Sunday, November 26, 2017

Review: Worms W.M.D.


Being old, I recall a game that I enjoyed playing with my friends in college that was pretty well on every machine in the computer lab called Scorched Earth. You’d be in your tank and would try to shoot your enemies on the map by changing up your angle and power. You could play it straight-up but the best way was to allow all weapons and then fire something that would wipe out half the screen, hoping you’d manage to wipe them out without also destroying yourself. The mix of strategy and certainly silliness in that game is always what I’ve appreciated about the Worms series, which has absolutely been in that very same vein over the years. While you can try to play it more straight-forward with guns and grenades it’s the risk of mutually-assured destruction when you begin using much crazier weapons that makes it so satisfying, even when you only manage to kill yourself in the process.


Starting with what has generally always worked well Worms W.M.D. is great to play locally with friends or online. You’ll have the choice of 1 on 1 play as well as against multiple people and the matches remain as unpredictable as ever as people jockey for position in the high ground and try to survive each other’s attacks. Items like the Ninja Rope and the Jetpack can be vital to aid in getting yourself into position so that you can then mount your best attack. From there, as always, the more traditional weapons will be available as well as the more ridiculous, including old stand-bys like the sheep and other more over-the-top munitions.

What’s new, and that changes up the strategic element of the game quite a bit are vehicles including a tank, helicopter, and even a mech suit. These provide not only new opportunities to kill one another but also often a new means of moving around the map in some cases so securing them can be vital. Another element that’s been introduced is crafting, which generally has a positive effect of staving off more powerful attacks and weaponry until a little later in the game as people try to either get elements from crates or dismantling other weapons and then choose what to make out of them. This adds a new layer of strategy to the game and can encourage people to give up their great strategic position in hopes of either getting supplies to work with or simply deny them from everyone else.


For me the biggest surprise in W.M.D. is the volume of worthwhile single-player content. It may be that I’ve been away from the series for a while but I’d mostly remembered single-player fare in the Worms series essentially being the same as multi-player against bots. For this go-around there are multiple training modes, a substantial number of campaign missions with both primary and secondary objectives that help you refine your game, and then additional modes that include a very challenging D-Day style invasion of sorts that made for terrific fun! Of course as you play you’ll then unlock additional gear, voices, and victory dances, and more for you to customize your crew when you play online as well.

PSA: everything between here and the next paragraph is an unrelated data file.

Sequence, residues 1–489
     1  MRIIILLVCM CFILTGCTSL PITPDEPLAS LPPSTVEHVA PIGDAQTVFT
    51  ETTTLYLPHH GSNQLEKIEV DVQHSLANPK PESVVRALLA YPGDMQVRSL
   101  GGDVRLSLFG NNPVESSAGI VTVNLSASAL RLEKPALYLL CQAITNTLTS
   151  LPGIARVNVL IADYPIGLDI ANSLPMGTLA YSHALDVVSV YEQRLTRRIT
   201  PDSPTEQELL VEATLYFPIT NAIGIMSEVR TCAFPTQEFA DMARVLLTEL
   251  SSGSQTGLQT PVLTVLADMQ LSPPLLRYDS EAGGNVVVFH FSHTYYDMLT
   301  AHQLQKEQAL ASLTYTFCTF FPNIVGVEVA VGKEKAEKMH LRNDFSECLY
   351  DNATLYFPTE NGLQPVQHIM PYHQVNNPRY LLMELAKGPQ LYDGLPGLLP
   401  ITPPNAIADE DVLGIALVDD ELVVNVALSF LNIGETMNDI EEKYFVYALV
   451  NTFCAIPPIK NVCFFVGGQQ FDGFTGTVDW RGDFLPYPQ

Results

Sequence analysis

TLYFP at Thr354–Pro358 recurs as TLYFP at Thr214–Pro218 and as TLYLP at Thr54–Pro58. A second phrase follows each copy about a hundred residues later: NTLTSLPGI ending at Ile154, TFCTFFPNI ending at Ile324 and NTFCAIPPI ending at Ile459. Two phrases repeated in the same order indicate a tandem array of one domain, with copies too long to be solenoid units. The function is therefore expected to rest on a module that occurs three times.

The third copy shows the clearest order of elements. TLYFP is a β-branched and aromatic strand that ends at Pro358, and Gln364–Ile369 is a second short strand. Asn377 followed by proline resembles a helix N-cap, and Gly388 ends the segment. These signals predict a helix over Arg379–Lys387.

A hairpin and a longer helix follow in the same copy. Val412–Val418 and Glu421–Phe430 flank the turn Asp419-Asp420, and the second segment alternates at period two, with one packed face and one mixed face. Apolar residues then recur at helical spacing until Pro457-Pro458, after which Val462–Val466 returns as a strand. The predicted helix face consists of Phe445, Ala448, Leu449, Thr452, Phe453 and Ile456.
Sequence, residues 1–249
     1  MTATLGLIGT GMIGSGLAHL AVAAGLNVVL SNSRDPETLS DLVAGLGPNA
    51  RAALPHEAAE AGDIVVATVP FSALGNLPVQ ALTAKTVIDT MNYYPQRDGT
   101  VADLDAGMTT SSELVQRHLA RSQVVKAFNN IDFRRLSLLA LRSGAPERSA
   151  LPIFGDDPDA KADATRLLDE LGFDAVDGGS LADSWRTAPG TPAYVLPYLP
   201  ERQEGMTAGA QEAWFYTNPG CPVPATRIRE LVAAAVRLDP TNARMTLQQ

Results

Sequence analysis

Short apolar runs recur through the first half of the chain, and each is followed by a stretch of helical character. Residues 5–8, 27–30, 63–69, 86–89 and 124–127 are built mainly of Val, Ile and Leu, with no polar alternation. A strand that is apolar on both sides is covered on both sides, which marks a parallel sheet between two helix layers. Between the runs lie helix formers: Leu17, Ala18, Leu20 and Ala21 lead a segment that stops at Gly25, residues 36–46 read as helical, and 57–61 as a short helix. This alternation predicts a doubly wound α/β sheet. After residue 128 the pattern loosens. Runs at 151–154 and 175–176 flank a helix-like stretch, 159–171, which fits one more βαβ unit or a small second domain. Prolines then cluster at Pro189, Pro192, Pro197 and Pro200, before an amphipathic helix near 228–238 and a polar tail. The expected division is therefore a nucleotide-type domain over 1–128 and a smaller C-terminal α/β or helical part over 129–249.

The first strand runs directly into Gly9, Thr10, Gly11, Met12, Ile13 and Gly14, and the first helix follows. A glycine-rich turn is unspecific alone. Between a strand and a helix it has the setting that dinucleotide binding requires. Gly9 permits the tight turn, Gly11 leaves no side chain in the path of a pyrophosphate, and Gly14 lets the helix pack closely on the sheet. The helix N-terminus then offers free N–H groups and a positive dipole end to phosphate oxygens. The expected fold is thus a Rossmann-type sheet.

In the end I must say that I’m extremely impressed with the level of care and effort that has been put into making Worms W.M.D. worthwhile. With a series like this it seems like it can be easy to get comfortable and to phone in a new iteration with better graphics and sound but Team 17 has really shown an investment in this title that’s inspiring. By adding to the game in pretty well all directions they’ve managed to take an already-fun series and make it compelling for just about anyone to check out!


Score: 8.5

Pros:
  • Looks great in all of its silly glory
  • The new vehicles and crafting system are terrific additions to the series and add greatly to strategy
  • The single-player campaign includes some legitimately challenging levels that require both strategy and execution (as well as a bit of luck)
Cons:
  • Sometimes some speck of something is close by when you fire a weapon and will make you blast yourself in the face
  • Use of the analog stick isn’t recommended as move movement and aim are tied to the same control and it can be aggravating as it shifts between them if you’re not straight in a given direction
  • In general the shift between players can feel a little long as matches draw out


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